The most striking impact of the globalization of capital has taken place in Asia — more specifically in China, where massive flows of capital by manufacturing multi-national corporations, in association with state capital has created a huge industrial working class. The proletarianization of tens of millions of peasants, especially migrants to the coastal cities, was accompanied by savage exploitation: long hours, low pay and dangerous unhealthy working conditions. The first generation of new workers largely submitted to the dominance of capital or engaged in ‘passive resistance’: labour turnover on a yearly basis rose to over 30% as workers fled from one employer to another. The “official trade unions” were simply ‘arms’ of the capitalist state. However, the second and third generation of workers, those who entered the factory system in the current decade developed a distinct class consciousness: strikes, factory occupation, successful protests emerged for wages and in opposition to 12 and 14 hour work days, physical punishment and the murderous pace of the ‘production line’.
Migrant workers are denied the social benefits of resident workers — they are denied access to public health and education. Today the working class struggles in China are growing, expanding geographically and linking with a variety social struggles centered on state dispossession of land of peasants and farmers, locating contaminating metal and chemical industries in residential areas and widespread state pillage of public resources. The class inequalities resulting from global industrialization are the worst in Asia and the class awareness of these inequalities has heightened the tensions between rulers and ruled. Moreover, the symbols and historical memory of the earlier proletarian symbolism and protagonism, and revolutionary and socialist welfare system contributes to the class antagonism toward the privileged, plutocratic family-based ruling class.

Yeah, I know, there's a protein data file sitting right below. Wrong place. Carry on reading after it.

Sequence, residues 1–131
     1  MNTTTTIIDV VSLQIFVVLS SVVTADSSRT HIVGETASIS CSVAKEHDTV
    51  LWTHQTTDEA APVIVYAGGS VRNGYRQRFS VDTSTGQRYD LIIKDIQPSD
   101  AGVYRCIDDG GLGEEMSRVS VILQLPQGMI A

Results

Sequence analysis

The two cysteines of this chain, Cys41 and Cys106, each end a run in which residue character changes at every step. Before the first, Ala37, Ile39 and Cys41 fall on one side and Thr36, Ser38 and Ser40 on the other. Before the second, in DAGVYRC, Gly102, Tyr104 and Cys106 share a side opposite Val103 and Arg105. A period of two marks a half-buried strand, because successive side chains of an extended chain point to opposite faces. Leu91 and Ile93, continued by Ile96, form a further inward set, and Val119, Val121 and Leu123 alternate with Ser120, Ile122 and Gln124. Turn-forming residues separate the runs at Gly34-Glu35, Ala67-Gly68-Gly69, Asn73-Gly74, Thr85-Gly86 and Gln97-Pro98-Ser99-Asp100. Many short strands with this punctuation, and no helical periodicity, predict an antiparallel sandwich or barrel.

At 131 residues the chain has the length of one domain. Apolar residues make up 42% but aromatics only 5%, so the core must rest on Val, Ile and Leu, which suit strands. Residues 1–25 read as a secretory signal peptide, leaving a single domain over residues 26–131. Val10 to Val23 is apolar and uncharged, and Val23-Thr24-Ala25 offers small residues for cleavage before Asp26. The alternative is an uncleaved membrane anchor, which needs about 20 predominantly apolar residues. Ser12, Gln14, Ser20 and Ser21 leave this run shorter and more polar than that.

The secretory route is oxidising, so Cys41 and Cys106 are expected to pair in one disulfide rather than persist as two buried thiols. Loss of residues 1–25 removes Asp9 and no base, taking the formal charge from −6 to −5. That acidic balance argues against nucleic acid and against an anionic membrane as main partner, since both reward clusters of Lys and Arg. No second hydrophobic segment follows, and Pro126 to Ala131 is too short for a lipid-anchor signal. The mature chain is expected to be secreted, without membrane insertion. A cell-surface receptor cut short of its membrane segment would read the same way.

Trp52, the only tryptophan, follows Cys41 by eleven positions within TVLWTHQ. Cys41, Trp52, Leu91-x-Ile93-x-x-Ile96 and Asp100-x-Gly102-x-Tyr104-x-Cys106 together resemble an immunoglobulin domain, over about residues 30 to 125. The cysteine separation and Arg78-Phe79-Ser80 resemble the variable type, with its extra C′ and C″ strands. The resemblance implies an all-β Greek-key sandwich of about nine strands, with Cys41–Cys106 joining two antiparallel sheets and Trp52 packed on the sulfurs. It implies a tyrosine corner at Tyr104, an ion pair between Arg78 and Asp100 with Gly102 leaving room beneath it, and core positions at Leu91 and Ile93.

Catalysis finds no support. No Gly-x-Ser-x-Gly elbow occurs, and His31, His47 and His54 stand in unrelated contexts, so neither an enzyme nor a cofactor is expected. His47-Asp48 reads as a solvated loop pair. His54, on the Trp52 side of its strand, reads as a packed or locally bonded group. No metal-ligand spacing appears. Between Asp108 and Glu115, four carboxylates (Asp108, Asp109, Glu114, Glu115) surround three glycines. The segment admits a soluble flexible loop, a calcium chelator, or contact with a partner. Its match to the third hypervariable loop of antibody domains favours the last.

While the new manufacturing working class in China is engaged in more class conflicts than any other Asian country, the strikes and protests are still limited to local sites, lack national leadership and organization and are clearly ‘economistic’ — though increasingly the political leadership is held responsible for repression and complicity.
Globalization, Primarization and the Class Struggle in Latin America
The rise of Asia, especially China, has led to long-term increase in commodity prices, world demand and the rapid specialization of Latin American economies in primary goods exports, Agro-mineral exports based on massive flows of foreign and national extractive capital is the motor force of growth. As a result the socio-economic axis of class struggle has shifted over the past decade.
Up to the 1970s industrial workers, organized in radical trade unions, industrial councils and linked to social movements played a central role in the class struggle as was clearly the case in Argentina (the Cordobazo) in Chile (los cordónes industrial), Bolivia (the tin miners).